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Farmers at stake as fertiliser prices go up


The leaders of Indian Farmers Movement and the Malayora Karshaka Samiti say the price hike of the fertilisers can be controlled only by restricting the supremacy of various private fertiliser giants in the price fixing mechanism.

Farmers across the State who are grappling with the dwindling crop yield and price fall of agriculture produce have called upon the Union and State governments to do something immediately to arrest the increasing market prices of various fertilisers and chemicals. Leaders of major farmers’ organisations say the unbearable farm input cost subsequent to the fertiliser price hike will take the ailing agriculture sector to an unrecoverable crisis.

“NPK – one of the essential nutrient mixes and the most-sought-after fertiliser product comprising nitrogen phosphorus and potassium – costs ₹35,500 a tonne. It was just ₹24,000 till very recently,” says Johnson Kulathingal, general secretary of Kerala Karshaka Union in the State. He points out that the prices of diammonium phosphate and other phosphorus-based fertilisers have also gone high in a similar way.

The biggest crisis faced by small and medium farmers is the absence of any beneficial subsidy schemes for them to beat the price fluctuations. Only a small section of farmers who are part of the special agriculture schemes in selected panchayats are now getting government support to buy fertilisers at subsidised rate. In effect, the hike in market price will affect the majority of ordinary farmers who are out of such special schemes.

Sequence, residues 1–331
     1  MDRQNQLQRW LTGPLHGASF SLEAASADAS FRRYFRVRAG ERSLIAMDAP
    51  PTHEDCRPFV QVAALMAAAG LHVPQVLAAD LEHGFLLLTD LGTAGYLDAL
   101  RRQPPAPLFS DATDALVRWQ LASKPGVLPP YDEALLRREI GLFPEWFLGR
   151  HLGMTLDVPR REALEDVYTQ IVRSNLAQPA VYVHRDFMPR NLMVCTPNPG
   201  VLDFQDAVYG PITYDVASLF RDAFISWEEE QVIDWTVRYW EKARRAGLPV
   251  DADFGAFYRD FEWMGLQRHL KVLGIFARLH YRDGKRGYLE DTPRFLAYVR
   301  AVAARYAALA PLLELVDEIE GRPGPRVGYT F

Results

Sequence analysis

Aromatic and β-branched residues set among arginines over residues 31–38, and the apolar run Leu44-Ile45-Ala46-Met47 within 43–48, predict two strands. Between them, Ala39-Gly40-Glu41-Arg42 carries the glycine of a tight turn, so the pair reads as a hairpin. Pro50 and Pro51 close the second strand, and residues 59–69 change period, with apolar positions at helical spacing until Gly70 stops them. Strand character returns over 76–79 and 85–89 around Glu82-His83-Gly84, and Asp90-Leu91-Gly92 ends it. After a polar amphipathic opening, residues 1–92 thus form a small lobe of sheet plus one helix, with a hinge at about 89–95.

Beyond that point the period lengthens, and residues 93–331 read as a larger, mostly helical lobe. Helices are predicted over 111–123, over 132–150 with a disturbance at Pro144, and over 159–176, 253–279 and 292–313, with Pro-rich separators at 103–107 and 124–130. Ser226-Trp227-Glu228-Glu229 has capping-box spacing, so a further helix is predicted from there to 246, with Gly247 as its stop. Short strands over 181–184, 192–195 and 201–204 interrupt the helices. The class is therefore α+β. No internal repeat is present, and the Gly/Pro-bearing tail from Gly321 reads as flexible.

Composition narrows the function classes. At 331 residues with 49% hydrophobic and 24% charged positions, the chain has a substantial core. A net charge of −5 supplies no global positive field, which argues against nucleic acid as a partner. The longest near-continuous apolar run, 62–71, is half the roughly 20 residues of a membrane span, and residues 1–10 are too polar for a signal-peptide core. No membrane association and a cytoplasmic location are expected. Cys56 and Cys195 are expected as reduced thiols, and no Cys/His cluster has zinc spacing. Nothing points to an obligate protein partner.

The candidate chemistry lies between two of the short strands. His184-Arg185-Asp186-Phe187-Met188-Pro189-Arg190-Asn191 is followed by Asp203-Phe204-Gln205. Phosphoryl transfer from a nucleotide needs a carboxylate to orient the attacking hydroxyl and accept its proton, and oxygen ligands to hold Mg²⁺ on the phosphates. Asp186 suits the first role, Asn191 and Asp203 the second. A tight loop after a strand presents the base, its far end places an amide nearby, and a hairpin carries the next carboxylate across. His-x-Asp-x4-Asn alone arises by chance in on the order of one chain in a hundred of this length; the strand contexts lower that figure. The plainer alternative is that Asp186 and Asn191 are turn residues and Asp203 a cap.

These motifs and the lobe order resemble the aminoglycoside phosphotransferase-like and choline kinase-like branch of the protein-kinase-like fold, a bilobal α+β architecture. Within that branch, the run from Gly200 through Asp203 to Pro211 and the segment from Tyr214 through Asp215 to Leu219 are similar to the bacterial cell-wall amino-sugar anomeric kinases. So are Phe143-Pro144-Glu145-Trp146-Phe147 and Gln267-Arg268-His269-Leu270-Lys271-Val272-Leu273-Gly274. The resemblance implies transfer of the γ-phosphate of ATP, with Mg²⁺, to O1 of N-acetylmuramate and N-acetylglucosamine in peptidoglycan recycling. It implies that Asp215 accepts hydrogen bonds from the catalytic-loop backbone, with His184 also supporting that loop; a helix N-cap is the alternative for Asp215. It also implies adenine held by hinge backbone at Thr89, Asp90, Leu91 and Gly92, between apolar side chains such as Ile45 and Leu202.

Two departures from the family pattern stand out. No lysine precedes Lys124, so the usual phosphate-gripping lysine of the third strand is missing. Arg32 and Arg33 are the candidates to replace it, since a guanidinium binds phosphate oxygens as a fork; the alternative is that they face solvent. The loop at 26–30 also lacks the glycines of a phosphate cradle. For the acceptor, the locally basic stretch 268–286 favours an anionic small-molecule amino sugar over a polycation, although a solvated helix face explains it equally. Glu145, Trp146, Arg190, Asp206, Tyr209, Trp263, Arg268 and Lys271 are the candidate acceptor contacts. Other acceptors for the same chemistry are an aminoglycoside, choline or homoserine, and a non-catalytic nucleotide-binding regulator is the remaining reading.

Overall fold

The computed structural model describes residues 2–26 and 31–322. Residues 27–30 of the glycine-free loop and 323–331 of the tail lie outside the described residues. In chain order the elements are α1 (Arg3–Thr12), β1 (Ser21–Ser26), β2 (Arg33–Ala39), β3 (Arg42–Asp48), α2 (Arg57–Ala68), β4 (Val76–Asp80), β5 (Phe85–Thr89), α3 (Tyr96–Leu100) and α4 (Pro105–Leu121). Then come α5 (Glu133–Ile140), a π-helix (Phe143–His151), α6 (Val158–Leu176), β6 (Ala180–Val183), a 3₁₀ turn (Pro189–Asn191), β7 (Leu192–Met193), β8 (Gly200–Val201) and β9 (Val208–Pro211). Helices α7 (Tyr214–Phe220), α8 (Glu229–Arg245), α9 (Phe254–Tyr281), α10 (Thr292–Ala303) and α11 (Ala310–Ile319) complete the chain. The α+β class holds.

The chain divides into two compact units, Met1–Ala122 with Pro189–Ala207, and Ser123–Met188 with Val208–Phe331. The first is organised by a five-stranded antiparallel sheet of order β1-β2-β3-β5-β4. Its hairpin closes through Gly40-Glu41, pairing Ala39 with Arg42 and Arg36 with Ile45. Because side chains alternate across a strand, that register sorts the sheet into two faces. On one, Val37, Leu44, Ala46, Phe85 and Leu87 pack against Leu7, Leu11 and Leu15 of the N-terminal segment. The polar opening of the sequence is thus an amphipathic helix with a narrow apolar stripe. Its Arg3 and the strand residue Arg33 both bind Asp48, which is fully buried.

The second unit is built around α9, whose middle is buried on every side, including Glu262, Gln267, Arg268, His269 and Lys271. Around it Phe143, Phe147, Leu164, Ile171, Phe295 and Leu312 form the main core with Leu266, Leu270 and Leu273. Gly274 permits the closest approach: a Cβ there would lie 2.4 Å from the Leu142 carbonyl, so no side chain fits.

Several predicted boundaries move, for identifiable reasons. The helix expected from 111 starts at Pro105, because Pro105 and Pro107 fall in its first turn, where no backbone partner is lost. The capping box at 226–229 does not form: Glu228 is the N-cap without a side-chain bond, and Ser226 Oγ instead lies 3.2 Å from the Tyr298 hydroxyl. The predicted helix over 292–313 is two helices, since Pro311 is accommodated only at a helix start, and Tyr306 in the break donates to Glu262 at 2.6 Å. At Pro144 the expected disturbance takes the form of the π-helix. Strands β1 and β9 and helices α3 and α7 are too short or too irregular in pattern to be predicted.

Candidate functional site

The leaders of Indian Farmers Movement and the Malayora Karshaka Samiti say the price hike of the fertilisers can be controlled only by restricting the supremacy of various private fertiliser giants in the price fixing mechanism. What they decide should not be implemented as such without the vetting of Union and State governments, they demand.

“If the State governments are finding it difficult to control such companies, they should come up with an appropriate subsidy scheme for farmers. It should be implemented in such a way to benefit all farmers, especially those not covered under any other special scheme,” says a senior functionary of the Malayora Karshaka Samiti. According to him, the agriculture sector is also going through a critical situation like the petroleum industry where the international players control the market situation.

T. Chandran, secretary of Kera Karshaka Sanghom, says the traditional coconut farmers are the worst-hit with the hiked prices of fertilisers and there should be more actions on the part of the government and other associated bodies. “Though there is an increase in the number of farms and coconut-based industries, the crop yield may not reach up to the expected level with the farmers’ helplessness to purchase costly fertilisers,” he adds.



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